The other negative aspect of these beacons is their potential to make you replay previous levels. This normally wouldn’t be something worth complaining about in a game, especially as someone who has played his fair-share of Metroidvanias, except when you are possibly required to have a specific unit in order to advance further. Earlier I had mentioned that I had unlocked 38/40 beacons, which was due to receiving a 3/5 rating on one level; the reason I mention this information now is that I could have unlocked the Flame Magus, another magic unit to help with the Shieldbearers. Unfortunately, I will never know if that unit would have made things easier because the level that I didn’t perfect has a brutal final wave with Bonewheels on steroids that always ruined my perfect run in the last few seconds. (Yes, I also played that level many times just like the Harvesting Room, which they both share a similar problem with wonky physics, knockback and bottomless pits.) There are no level-skip options nor anyway to earn extra beacons, so in my situation I am stuck between a Bonewheel and a harder place.
Now I could continue detailing these many examples or other issues like non-host players losing their saved progress for no reason or how the AI’s limitations will break defensive formations often, but I believe my point is made clear that this game is not as polished as it should have been for release. If you also have been paying attention to these criticisms—issues with combat, stats, and retrying previous content to get good—then you’ll understand what Hell Warders tried to incorporate from the Souls series and why the association does not live up to the name’s pedigree.
Verdict: Back Through the Fire and Flames with You—for Now
Although this review may come across as negative, Hell Warders is a game that I truly want to enjoy someday when the devs sorts its issues out. There is a good idea somewhere beneath the avalanche of its faults, but these issues won’t be addressed if they are not called out.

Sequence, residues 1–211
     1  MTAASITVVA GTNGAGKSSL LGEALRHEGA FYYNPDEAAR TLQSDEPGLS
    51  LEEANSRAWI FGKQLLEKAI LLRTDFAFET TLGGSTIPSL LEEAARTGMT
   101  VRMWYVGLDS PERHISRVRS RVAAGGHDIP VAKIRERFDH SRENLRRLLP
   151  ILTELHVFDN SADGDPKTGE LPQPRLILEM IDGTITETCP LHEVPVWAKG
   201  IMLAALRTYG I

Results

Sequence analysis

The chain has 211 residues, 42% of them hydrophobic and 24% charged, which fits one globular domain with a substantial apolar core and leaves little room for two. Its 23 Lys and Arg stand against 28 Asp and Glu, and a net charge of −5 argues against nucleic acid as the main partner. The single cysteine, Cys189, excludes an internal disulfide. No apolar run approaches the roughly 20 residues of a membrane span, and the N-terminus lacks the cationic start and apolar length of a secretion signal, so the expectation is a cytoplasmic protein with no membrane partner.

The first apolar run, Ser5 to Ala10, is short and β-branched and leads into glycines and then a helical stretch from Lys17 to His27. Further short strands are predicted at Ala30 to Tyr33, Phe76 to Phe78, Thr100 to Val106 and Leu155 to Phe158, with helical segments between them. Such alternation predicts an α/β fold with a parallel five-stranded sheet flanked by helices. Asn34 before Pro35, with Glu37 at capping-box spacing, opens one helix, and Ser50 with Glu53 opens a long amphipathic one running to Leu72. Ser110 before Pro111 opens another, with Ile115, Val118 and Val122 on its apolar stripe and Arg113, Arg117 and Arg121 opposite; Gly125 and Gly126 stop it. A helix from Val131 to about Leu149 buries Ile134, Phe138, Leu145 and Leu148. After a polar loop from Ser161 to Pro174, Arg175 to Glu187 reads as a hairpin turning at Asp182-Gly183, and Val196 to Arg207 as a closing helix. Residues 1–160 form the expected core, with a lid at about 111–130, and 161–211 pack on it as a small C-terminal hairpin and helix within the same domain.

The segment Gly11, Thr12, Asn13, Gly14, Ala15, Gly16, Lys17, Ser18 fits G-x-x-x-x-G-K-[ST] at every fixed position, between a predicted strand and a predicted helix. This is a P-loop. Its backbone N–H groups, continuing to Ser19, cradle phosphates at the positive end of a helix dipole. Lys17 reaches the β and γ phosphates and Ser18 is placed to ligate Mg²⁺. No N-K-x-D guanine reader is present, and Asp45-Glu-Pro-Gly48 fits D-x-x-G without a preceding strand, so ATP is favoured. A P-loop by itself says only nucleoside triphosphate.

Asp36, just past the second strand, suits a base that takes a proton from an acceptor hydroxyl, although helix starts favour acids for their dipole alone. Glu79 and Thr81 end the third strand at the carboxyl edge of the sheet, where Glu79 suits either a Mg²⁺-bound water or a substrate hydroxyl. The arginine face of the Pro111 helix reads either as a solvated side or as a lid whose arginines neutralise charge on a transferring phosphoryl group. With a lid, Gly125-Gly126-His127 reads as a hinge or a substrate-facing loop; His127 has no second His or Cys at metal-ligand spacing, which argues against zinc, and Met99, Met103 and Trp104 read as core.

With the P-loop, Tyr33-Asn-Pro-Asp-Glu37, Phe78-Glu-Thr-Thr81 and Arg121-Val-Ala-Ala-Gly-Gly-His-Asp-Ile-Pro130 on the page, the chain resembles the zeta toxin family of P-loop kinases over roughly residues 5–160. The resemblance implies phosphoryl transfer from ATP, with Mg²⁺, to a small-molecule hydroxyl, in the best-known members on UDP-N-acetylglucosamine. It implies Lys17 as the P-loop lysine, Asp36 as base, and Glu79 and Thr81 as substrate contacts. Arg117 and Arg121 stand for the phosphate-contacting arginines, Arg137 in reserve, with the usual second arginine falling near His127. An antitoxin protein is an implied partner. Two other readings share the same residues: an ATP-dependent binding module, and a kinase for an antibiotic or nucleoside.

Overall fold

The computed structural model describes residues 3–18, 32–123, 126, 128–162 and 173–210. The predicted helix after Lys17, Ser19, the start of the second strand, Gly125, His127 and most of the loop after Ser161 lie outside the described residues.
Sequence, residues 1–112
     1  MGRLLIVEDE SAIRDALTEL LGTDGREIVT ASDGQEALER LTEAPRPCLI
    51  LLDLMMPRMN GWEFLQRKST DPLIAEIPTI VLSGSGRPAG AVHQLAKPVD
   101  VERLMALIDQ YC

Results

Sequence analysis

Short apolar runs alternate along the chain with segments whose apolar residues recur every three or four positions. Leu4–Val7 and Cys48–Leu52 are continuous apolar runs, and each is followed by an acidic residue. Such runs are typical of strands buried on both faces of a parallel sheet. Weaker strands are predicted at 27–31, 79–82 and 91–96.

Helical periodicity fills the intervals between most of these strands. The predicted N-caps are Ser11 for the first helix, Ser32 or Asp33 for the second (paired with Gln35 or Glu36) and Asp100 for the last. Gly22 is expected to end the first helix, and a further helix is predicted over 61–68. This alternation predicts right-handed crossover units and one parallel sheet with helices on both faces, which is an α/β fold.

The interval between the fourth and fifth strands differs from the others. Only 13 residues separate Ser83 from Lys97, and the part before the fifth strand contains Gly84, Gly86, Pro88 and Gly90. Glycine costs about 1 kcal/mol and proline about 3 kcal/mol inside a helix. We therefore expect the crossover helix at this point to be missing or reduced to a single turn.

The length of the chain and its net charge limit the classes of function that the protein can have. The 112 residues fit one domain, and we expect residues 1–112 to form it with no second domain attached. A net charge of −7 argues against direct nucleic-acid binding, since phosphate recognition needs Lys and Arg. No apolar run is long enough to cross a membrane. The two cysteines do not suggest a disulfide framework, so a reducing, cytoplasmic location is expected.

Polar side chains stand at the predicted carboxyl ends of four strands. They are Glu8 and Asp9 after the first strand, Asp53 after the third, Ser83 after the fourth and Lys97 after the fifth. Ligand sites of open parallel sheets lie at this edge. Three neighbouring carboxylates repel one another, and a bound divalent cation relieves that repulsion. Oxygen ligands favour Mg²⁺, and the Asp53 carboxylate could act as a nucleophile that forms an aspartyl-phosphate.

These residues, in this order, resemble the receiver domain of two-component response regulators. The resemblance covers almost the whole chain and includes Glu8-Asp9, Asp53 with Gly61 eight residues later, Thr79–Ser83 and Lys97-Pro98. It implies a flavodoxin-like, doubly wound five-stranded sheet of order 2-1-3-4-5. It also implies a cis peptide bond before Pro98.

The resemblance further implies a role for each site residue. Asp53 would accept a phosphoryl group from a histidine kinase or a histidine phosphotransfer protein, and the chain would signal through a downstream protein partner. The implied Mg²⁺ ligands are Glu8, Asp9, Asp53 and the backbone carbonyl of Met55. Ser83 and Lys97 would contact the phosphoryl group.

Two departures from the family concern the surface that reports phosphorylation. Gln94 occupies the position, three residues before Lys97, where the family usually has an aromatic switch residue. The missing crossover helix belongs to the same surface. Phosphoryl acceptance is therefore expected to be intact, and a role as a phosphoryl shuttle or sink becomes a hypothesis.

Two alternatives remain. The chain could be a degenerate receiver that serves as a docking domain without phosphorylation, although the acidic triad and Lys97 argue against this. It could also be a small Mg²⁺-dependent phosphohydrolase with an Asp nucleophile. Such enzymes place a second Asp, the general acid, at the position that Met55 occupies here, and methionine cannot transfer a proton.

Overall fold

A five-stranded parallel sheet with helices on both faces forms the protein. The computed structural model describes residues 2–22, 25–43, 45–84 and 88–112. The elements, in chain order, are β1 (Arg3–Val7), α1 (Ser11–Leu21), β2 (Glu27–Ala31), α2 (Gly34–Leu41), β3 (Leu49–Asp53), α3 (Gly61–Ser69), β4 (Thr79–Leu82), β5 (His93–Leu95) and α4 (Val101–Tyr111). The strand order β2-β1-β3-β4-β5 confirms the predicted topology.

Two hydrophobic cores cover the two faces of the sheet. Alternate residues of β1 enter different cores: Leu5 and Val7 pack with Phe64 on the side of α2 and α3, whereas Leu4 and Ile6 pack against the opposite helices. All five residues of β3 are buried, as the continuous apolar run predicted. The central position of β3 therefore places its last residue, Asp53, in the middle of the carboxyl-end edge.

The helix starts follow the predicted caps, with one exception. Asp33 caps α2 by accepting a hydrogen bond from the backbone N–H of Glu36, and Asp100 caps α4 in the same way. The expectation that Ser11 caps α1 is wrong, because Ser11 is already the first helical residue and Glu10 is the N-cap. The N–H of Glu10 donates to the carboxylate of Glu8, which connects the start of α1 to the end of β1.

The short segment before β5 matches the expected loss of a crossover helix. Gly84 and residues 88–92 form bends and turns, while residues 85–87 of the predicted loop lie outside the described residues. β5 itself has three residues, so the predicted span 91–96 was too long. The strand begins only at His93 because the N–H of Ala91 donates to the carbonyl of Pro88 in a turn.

These comments may seem throwaway after writing up this review, but I want to get the point across that I don’t hold any ill-will towards Anti-Gravity Game Studios who probably spent those eight months trying to make Hell Warders as best as it could be. Nor do I view Hell Warders as a bad game; it’s a deeply flawed game that could potentially shine with enough refinement. I also am trying not to come across as another armchair game critic, but these imbalances are so transparent that I am surprised more critics haven’t pointed them out. (Not that I want to poison the online well, but I honestly thought I was playing a different game after reading and watching various reviews. Most articles underplayed just how unbalanced are the single-player and the two-player modes, and most of their images/video came from Act 1 or Act 2 levels, except one Switch review with trailer footage beyond Act 2 towards the end.) Even excusing the possibility that these outlets only played with three or four friends, which I highlight because they have pointed out that the single-player mode is brutal, there should be some possibility to succeed rather than none. Those same words are also my encouragement that Hell Warders will, someday, succeed, but definitely not today.